Space & Astronomy
Astronomers detect 19 more fast radio bursts
By T.K. Randall
October 13, 2018 · 3 comments
The Australian Square Kilometer Array Pathfinder (ASKAP). Image Credit: CC BY 3.0 CSIRO
The previously undiscovered deep space flashes could help scientists solve this ongoing astronomical enigma.
It's a phenomenon that has managed to defy explanation for years - powerful bursts of radio waves originating from far beyond our own galaxy that, despite lasting mere milliseconds, generate as much energy as the Sun does in an entire day.
Until recently, only three dozen or so of these mysterious bursts had ever been found, but now thanks to a new study led by Ryan Shannon of the Swinburne University of Technology in Australia, that total has increased significantly.
Since the beginning of last year, Shannon and colleagues had been using the Australian Square Kilometer Array Pathfinder (ASKAP) to scour the skies for signs of these elusive signals.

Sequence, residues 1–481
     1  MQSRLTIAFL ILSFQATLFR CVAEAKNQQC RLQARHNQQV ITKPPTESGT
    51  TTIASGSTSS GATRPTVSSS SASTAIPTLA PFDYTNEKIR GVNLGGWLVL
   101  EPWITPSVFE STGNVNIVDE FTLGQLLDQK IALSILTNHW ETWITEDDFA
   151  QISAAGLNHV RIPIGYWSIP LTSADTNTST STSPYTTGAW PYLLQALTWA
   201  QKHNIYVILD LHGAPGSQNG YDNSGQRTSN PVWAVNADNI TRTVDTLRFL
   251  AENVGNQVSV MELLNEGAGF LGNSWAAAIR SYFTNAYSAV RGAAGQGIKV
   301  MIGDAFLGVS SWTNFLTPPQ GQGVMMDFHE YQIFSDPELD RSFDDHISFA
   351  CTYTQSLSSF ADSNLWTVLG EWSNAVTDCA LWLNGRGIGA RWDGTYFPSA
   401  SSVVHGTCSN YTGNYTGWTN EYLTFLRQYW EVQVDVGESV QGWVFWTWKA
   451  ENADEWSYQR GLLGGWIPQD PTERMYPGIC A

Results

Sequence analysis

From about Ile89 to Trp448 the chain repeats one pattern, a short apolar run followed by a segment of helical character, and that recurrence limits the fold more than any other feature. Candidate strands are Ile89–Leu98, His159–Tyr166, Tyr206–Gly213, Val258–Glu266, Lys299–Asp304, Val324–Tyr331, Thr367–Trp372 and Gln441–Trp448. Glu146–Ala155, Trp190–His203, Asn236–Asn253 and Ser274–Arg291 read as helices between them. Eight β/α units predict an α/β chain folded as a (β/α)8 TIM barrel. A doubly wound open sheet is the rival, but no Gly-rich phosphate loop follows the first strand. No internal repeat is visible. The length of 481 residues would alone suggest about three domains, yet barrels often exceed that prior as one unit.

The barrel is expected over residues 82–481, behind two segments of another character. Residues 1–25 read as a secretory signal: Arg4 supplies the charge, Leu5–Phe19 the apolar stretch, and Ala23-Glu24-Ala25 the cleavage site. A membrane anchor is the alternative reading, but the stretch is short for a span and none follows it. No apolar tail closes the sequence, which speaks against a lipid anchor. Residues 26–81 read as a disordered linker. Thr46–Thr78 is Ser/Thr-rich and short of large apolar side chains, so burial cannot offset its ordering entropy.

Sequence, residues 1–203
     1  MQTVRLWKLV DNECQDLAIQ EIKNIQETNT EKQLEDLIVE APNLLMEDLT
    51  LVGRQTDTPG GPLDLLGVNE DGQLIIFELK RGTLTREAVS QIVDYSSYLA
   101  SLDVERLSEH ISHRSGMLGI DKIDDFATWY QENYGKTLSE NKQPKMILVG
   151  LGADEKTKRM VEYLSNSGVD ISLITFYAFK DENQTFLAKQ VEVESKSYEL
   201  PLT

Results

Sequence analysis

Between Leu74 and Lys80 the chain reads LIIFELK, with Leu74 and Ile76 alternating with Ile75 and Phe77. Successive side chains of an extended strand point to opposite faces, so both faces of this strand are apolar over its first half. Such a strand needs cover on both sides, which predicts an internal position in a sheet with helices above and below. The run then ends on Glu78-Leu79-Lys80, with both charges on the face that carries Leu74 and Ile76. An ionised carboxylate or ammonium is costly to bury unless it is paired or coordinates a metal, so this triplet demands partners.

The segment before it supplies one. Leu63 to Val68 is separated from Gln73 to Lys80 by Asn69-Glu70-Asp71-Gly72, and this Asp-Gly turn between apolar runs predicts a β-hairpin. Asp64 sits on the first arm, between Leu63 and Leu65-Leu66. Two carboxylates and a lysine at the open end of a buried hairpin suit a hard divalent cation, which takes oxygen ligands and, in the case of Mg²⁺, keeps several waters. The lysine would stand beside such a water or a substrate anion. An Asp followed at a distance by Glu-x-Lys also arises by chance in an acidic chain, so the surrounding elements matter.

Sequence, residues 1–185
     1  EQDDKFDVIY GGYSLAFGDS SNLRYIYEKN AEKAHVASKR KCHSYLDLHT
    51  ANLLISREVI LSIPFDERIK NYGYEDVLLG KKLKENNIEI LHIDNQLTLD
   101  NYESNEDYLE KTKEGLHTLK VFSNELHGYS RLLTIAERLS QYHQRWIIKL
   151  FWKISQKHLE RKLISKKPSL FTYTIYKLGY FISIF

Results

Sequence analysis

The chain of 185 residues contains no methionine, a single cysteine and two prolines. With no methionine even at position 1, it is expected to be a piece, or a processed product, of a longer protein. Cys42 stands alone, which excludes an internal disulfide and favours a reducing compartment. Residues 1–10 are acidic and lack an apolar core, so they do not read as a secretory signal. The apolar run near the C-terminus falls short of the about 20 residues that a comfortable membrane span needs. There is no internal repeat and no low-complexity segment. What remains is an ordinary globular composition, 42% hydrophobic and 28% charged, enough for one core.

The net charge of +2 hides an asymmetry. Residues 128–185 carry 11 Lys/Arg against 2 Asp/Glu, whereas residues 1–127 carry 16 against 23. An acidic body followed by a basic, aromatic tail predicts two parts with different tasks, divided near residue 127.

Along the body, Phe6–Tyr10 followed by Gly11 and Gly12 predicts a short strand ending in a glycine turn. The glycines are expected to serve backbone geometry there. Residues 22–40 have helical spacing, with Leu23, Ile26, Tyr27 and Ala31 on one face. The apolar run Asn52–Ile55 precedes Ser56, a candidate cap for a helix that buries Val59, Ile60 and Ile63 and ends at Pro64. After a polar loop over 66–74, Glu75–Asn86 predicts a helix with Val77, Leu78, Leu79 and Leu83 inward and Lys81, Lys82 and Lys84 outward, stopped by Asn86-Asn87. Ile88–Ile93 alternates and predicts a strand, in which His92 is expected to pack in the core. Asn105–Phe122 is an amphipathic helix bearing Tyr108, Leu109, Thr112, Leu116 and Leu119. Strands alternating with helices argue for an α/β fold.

"The telescope has a whopping field of view of 30 square degrees, 100 times larger than the full moon," said study co-author Keith Bannister.
"And, by using the telescope's dish antennas in a radical way, with each pointing at a different part of the sky, we observed 240 square degrees all at once - about 1,000 times the area of the full moon."
Their success spells good news for scientists attempting to determine exactly what these mysterious radio bursts actually are - the more examples we have, the more we can learn about them.
For now, however, all we know is that they seem to be originating from the other side of the universe.
The nearest is a whopping 425 million light years away from Earth.
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